From the moment that evolutionary happenstance first endowed mankind with intelligent self-awareness, the human animal has worked unceasingly to unravel the mysteries of the universe.
And, following aeons of tireless endeavour in the field of science, we have now reached a state of progress in which we can be proud that our species has flown to the moon, invented the iPod and canonised Jade Goody.
Yet there are some questions out there which are still outside the grasp of even our most distinguished physicists, philosophers and gossip columnists:
Which is better: smooth or crunchy?
Connery, Brosnan or Craig?
And, perhaps most confusingly of all, what does it say about the state of English football when the squad for a crucial World Cup qualifier includes a striker who never scores, a tough-tackling defender with a knee made from finest lead crystal, a goalkeeper who struggles to get a spot on the bench for his side and a midfielder who has spent the majority of the last two years working as a glorified underwear model?
Not that ED is criticising Fabio Capello's decision-making skills - and there's three reasons why not.
First, the Italian's string of good results (at least in the games that actually matter) has earned him the right to select a midfield drawn entirely from the cast of Last of the Summer Wine if he so chooses (perhaps also choosing Allo Allo's René up front as a lone striker and Bagpuss in goal).
Second, ED pondered for an hour or two thinking that surely there must have been a better fit, English striker out there than Carlton Cole - but only got as far as Kevin Davies. And if Davies had got the nod, ED would probably have pondered the same question and come up with Carlton Cole as the obvious alternative.
Third, and finally, Capello looks decidedly tough enough that ED would not want to get in to a fight with him. So whatever the big man says, goes.
Manchester City have come up with a novel way of packing the fans in for UEFA cup matches: they've slashed ticket prices down to just a fiver a pop, or a pound each for kids.
It's a truly superb idea - once people have got in for not much more than the bus fare to the stadium, they're bound to boost on-the-night profits by loading up on programmes, scarves, and meat pies of dubious origin - plus full houses might just help inspire a few big performances from Mark Hughes's men.
It got ED to thinking, however: why bother charging a fiver? Why not just let everyone in for free? Such is the wealth of Sheikh Mansour that surely he could afford it? And not just once, but surely he could do the same for every single home game?
And that, in turn, lead ED to do a few sums. City's average league gate this season is 46,000. Multiply that by a dampened-finger-in-the-air average of £30 a ticket (taking in to account a balance of season ticket holders, kids tickets and so on) and you have roughly £1.38 million in ticket revenue per match.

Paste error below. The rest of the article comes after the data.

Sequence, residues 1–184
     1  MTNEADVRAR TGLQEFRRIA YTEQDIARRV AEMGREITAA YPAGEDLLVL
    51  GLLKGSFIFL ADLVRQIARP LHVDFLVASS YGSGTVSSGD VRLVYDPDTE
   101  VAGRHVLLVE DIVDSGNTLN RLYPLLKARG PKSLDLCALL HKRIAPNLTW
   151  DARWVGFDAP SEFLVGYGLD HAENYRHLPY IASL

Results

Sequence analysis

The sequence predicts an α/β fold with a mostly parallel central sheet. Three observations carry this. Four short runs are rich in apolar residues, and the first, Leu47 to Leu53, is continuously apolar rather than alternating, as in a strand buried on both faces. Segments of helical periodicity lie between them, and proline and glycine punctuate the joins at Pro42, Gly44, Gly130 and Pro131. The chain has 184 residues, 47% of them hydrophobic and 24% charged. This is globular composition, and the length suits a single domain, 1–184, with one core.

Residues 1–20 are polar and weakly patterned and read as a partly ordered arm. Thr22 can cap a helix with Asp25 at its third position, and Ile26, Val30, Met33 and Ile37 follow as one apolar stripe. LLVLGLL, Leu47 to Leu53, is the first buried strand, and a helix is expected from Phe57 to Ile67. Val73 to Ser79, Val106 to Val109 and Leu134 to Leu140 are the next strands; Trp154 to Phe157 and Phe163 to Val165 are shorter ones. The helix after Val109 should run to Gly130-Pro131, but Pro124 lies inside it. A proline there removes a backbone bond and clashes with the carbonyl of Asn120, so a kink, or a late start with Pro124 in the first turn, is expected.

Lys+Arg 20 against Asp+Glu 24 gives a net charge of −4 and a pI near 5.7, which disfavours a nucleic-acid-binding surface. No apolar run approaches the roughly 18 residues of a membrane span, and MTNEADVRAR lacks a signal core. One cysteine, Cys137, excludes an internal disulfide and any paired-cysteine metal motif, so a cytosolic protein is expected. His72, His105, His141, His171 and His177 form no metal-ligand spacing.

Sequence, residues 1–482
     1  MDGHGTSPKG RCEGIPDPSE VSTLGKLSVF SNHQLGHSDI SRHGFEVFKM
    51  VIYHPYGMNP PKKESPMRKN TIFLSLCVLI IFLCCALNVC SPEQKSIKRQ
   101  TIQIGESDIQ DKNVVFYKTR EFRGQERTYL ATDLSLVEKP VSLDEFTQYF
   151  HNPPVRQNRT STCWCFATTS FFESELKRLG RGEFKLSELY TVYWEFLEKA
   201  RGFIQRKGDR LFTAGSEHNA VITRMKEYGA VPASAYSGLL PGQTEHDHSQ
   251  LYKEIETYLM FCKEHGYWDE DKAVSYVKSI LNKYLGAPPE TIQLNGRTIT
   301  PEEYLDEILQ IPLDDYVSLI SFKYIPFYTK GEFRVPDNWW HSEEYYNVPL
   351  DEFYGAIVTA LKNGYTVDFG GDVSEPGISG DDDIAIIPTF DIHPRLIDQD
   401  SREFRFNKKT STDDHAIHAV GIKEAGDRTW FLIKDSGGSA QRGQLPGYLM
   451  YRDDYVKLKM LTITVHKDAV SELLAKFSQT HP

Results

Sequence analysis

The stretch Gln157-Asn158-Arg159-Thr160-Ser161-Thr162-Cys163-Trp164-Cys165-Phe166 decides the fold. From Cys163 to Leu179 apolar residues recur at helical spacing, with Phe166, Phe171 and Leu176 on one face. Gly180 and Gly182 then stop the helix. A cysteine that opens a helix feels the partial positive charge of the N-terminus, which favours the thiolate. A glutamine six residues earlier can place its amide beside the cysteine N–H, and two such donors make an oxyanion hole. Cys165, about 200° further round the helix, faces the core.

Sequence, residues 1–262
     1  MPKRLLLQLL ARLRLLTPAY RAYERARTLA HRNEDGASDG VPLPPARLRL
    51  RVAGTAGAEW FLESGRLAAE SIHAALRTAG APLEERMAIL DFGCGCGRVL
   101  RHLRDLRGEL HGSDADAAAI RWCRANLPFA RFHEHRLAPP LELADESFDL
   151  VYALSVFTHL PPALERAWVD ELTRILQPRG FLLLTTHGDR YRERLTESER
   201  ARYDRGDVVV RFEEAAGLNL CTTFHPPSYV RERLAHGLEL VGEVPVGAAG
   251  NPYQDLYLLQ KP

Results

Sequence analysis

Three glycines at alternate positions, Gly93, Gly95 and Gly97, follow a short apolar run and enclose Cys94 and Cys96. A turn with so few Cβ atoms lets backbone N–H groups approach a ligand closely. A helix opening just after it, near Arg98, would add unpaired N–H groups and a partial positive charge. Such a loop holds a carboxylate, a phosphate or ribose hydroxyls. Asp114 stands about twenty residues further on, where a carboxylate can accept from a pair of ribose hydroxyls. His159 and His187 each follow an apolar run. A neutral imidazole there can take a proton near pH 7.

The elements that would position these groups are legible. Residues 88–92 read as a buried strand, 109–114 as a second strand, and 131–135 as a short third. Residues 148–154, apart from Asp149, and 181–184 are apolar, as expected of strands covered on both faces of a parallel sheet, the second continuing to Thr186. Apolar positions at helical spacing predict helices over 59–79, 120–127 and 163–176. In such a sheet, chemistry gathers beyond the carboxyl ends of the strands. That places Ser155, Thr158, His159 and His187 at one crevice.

With Mansour's family wealth estimated at £425 billion, he could bankroll free seats for all for just under 308,000 matches.
And that means, with 19 home games a season plus an estimated eleven or so assorted home cup matches, he could afford to offer free tickets to Eastlands for a quite fantabulous 10,267 years.
He really is quite rich indeed.
QUOTE OF THE DAY: "I just stood my ground, and as the cameras show I turned my shoulders to show that I didn't make contact - he is the one who ran in and made contact with me." Good to see that Aston Villa goalkeeper Brad Friedel has been in England long enough to have been inspired by an exciting Six Nations campaign, and has even picked up the oldest, dirtiest rugby trick in the book. Quick tip for our American friend: if you're really trying to get out of the way of someone, you usually don't shoulder-barge them in the goolies.
FOREIGN VIEW: If you think Gareth Southgate is getting stick at Middlesbrough, consider the plight of former France manager Henri Michel, until yesterday manager of the Mamelodi Sundowns in the South African league. After a series of poor results the club's fans were not happy, and when the side were knocked out of the South African Cup by lowly Platinum Stars, the mob turned angry and surged on the hapless Frenchman, who had to be escorted from the ground by riot police.
Even more extraordinary than the events themselves was the club's wonderfully-understated press release: "A gentleman's agreement was concluded with Henri Michel in terms of which his services as head coach will come to an end."
COMING UP: After floodlight failure robbed the world of witnessing Dagenham & Redbridge against Brentford last night - in no way was the outage perpetrated by worried Sky Sports executives - there's a feast of League One and League Two action tonight. You can follow live scoring right here.